BMW Group has started the global rollout of its Nvidia Omniverse platform as it designs the digital version of a factory that will open for real in 2025.

The carmaker will bring the power of industrial AI to its entire production network as part of its digital transformation, the companies said during a keynote at the Nvidia GTC 2023 spring event.

In doing so, BMW Group is at the forefront of a key new manufacturing trend — going digital-first by
using the virtual world to optimize layouts, robotics and logistics systems years before production really starts.

The automaker announced today with Nvidia at GTC that it’s expanding its use of the Nvidia Omniverse platform for building and operating industrial metaverse applications across its production network around the world, including the planned electric vehicle plant in Debrecen, Hungary, that will only start operations in 2025.


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“We’ve improved our relationship with BMW and the depth and breadth of their use of Omniverse across the factory they are actually going to be building in Debrecen,” said Richard Kerris, vice president of the Omniverse ecosystem at Nvidia, in an interview with VentureBeat. “It’s the first digital factory for their cars. So this means that people that work in the factory will actually be able to start working before it’s even done.”

>>Follow VentureBeat’s ongoing Nvidia GTC spring 2023 coverage<<

In his GTC keynote, Nvidia CEO Jensen Huang shared a demo in which he was joined by BMW Group’s Milan Nedeljković, member of the board of management, to officially open the automaker’s first entirely virtual factory, powered by Nvidia Omniverse.

“We are excited and incredibly proud of the progress BMW has made with Omniverse. The partnership will continue to push the frontiers of virtual integration and virtual tooling for the next generation of smart-connected factories around the world,” Huang said during the GTC keynote.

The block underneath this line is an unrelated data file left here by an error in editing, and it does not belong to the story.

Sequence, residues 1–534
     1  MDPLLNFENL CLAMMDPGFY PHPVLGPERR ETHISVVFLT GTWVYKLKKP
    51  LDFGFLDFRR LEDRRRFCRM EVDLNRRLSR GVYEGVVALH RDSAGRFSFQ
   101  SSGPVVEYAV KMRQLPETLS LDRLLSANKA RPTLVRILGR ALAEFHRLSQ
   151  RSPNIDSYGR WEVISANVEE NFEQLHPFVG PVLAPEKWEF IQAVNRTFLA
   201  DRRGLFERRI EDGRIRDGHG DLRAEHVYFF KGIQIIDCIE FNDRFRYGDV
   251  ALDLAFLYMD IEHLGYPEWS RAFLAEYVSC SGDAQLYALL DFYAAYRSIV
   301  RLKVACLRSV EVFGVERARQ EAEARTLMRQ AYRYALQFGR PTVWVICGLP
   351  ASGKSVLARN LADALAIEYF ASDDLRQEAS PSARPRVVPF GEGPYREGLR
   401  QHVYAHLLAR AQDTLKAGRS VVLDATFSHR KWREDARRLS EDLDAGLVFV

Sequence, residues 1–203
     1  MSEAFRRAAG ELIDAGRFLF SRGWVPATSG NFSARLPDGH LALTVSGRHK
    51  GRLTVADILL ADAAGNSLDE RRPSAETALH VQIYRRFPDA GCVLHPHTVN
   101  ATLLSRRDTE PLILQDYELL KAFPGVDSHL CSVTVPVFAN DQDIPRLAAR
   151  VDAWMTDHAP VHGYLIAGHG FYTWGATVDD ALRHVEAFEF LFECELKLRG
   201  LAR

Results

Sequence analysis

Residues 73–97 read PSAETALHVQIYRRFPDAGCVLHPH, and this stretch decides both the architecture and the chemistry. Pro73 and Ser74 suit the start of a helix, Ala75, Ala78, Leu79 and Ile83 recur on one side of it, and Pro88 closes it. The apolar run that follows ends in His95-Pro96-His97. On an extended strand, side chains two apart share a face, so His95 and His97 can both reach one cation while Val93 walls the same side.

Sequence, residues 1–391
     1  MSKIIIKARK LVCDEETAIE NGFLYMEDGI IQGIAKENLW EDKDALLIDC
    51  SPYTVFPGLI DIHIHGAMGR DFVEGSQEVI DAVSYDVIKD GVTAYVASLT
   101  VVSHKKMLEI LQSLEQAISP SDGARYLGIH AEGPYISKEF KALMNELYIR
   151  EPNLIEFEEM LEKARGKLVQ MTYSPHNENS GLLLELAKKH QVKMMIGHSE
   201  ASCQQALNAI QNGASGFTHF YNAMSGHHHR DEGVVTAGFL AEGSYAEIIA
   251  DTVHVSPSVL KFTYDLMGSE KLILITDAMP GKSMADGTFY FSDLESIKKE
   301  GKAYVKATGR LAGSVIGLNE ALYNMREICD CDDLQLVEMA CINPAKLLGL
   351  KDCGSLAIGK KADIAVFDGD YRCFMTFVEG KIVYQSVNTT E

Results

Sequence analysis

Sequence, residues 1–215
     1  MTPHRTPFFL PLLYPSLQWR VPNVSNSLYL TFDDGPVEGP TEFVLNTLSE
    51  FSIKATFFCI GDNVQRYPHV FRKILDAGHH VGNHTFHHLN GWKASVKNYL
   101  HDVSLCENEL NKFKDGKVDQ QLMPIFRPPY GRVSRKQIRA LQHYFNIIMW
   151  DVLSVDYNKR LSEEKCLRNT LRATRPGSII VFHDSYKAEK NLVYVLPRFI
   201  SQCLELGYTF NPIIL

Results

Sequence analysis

Omniverse — the culmination of over 25 years of Nvidia graphics, accelerated computing, simulation and AI technologies — enables manufacturing companies to plan and optimize multibillion-dollar factory projects entirely virtually. This means they can get to production faster and operate more efficiently, improving time to market, digitalization and sustainability.

The keynote demo highlights a virtual planning session for BMW’s Debrecen EV plant. With Omniverse, the BMW team can aggregate data into massive, high-performance models, connect their domain-specific software tools and enable multi-user live collaboration across locations. All of this is possible from any location, on any device.

Starting to work in the virtual factory two years before it opens enables the BMW Group to ensure smooth operation and optimal efficiency.

Virtual integration for real-world efficiencies

BMW Group is using Omniverse to build a digital factory that will mirror a real-world place.
BMW Group is using Nvidia’s Omniverse to build a digital twin factory that will mirror a real-world place.

BMW Group’s virtual Debrecen plant illustrates the power and agility of planning AI-driven industrial manufacturing plants with the Omniverse platform.

In the EV factory demo, Nedeljković invites Huang into an update in which the BMW team seeks to include a robot in a constrained floor space. The team solves the problem on the fly, with logistics and production planners able to visualize and decide the ideal placement.

“This is transformative — we can design, build and test completely in a virtual world,” said Nedeljković.